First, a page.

Stethoscopes Content from the guide to life, the universe and everything


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It is amazingly difficult to picture a doctor without his stethoscope. The stethoscope has become synonymous with medical practice. It is more than a mere heartbeat measuring apparatus, and some doctors will even tell you that it is a remarkable source of security when their job is not so easy.

The Origin of the Stethoscope

The stethoscope was invented in 1816 by Rene Laennec. Before this, doctors listened to the noises made by organs by placing an ear against the patient's body. Laennec was examining an obese young woman, and felt it would not be proper to put his ear against her bare chest to listen to her heartbeat, so he listened through a rolled up newspaper instead. Afterward, he said, 'I was surprised and pleased to hear the beating of the heart much more clearly than if I had applied my ear directly to the chest.' This gave him the idea for his invention.

His first stethoscope was a hollow, wooden tube. Several other designs were made after his, some with steel tubes, others with ivory, etc. Eventually, a binaural design was made with two earpieces. In 1850, George Camman thought of using rubber instead of the less flexible materials used in earlier designs.

Anatomy of the Stethoscope

Today's stethoscopes still have two ear pieces. These are attached to hollow rubber tubing which is connected to the body contact piece. There are several types of body contact pieces. To detect high pitched sounds, a doctor will use a diaphragm contact piece, whereas a bell contact piece is used to hear low pitched sounds. A doctor can also use a combination bell-diaphragm contact piece to discern sounds of a medium pitch.

The Usefulness of the Stethoscope

Stethoscopes can detect noises made by certain organs of the body such as the heart, lungs, intestines, and blood vessels while excluding all other sounds. Just as it was first intended to, the stethoscope decreases the physical contact between doctor and patient that can make for uncomfortable circumstances. It can also be of comfort to the patient because it denotes the professional stature of the doctor.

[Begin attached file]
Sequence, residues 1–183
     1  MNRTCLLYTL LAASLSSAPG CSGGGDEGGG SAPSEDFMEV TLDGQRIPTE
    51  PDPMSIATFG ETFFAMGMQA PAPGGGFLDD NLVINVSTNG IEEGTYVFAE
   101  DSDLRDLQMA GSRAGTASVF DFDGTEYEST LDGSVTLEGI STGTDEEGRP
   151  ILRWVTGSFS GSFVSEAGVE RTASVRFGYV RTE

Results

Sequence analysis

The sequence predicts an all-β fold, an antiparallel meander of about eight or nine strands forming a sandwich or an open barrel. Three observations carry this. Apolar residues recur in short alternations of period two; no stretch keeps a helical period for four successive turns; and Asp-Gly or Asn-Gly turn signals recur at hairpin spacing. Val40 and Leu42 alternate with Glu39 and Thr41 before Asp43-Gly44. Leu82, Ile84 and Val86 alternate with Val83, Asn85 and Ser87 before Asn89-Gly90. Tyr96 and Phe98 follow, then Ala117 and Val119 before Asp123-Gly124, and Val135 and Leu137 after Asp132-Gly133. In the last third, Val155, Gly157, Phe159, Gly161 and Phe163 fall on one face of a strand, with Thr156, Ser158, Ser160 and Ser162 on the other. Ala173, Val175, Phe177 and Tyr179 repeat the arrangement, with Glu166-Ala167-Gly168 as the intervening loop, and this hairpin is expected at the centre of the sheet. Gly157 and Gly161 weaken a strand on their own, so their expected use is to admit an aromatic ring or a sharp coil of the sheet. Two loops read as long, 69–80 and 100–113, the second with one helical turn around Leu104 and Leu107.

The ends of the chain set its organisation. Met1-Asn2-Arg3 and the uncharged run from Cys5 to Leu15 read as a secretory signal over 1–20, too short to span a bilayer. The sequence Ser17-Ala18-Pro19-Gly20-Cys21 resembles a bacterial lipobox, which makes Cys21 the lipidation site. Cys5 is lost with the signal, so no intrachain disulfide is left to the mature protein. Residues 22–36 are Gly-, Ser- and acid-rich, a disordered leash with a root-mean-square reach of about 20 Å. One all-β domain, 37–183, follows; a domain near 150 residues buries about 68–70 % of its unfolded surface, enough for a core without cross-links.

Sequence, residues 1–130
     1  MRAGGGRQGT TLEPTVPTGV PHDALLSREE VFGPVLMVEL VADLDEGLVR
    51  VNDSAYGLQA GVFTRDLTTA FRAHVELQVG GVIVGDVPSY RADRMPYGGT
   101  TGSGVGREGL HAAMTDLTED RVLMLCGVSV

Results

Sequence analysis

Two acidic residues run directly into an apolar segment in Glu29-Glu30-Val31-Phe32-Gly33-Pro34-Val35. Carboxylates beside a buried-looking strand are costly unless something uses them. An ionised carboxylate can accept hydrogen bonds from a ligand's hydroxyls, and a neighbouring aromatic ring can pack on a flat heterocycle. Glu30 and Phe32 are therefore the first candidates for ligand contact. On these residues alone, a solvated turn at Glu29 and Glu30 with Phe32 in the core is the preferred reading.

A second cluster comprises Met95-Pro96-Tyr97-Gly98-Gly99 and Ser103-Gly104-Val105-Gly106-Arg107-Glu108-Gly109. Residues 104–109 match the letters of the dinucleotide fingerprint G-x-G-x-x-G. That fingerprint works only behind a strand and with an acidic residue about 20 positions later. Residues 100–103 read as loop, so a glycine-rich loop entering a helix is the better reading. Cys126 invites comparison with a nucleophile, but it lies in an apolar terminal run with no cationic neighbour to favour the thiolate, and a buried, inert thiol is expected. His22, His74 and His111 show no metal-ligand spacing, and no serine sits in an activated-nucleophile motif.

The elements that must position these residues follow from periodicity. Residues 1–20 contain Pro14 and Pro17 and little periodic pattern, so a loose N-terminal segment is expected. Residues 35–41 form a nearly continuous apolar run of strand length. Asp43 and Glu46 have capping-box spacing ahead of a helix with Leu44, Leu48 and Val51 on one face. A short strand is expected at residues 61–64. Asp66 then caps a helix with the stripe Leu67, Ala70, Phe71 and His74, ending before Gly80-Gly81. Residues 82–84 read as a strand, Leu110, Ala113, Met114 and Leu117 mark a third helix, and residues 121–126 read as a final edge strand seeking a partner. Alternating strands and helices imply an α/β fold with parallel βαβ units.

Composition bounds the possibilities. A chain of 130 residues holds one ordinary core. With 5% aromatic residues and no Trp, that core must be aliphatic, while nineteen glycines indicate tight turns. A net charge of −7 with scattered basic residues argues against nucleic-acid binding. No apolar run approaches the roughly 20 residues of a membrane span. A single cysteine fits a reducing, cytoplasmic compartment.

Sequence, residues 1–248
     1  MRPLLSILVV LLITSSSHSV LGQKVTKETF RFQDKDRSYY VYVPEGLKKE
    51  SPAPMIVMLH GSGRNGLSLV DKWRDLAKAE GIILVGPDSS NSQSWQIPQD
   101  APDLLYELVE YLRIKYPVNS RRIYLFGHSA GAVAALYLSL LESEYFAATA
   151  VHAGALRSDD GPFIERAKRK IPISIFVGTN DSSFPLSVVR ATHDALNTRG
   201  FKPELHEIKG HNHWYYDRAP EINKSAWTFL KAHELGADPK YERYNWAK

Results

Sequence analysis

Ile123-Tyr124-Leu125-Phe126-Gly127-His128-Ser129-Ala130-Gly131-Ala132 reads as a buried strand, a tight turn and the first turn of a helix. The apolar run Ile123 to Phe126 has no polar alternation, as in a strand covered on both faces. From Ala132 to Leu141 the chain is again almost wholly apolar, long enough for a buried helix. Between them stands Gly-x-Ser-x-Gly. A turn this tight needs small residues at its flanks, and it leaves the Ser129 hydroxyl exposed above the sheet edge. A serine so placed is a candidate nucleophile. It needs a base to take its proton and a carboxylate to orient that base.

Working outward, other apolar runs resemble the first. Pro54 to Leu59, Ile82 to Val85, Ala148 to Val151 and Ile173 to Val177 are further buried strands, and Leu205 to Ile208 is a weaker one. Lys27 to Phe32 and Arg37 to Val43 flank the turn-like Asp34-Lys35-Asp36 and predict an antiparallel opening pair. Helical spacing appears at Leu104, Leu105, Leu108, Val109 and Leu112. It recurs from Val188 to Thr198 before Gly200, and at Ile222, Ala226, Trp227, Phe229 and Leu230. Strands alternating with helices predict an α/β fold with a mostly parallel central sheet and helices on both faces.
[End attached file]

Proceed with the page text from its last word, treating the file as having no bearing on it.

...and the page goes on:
With the development of new technologies, doctors rely much less on the stethoscope, but it has not been discarded. Though it can detect a myriad of bodily noises made by various organs, today it is mostly used to detect sounds of the heart. A heartbeat makes what is described as a 'lub-dup' sound. The 'lub' sound is caused by the mitral and triscupid valves closing. When the blood exits the heart, the aortic and pulmonary valves close, causing the 'dup' sound.

Some heart conditions may change the shape of the heart causing abnormal sounds. These sounds are called 'heart murmurs' and are often described as 'whooshing, rasping, or blowing' noises.

Will the Stethoscope Disappear?

Most likely, but not for a long while. Though there are more sophisticated diagnostic methods, the stethoscope remains the most convenient and obviously the least expensive. Even if it is replaced with some other innovative tool, its impact on the medical practice will still be felt. The stethoscope has led to much clearer definitions of the normal sounds made by some organs, as well as a better understanding of abnormal sounds, and thus, more concise descriptions of a myriad of diseases.

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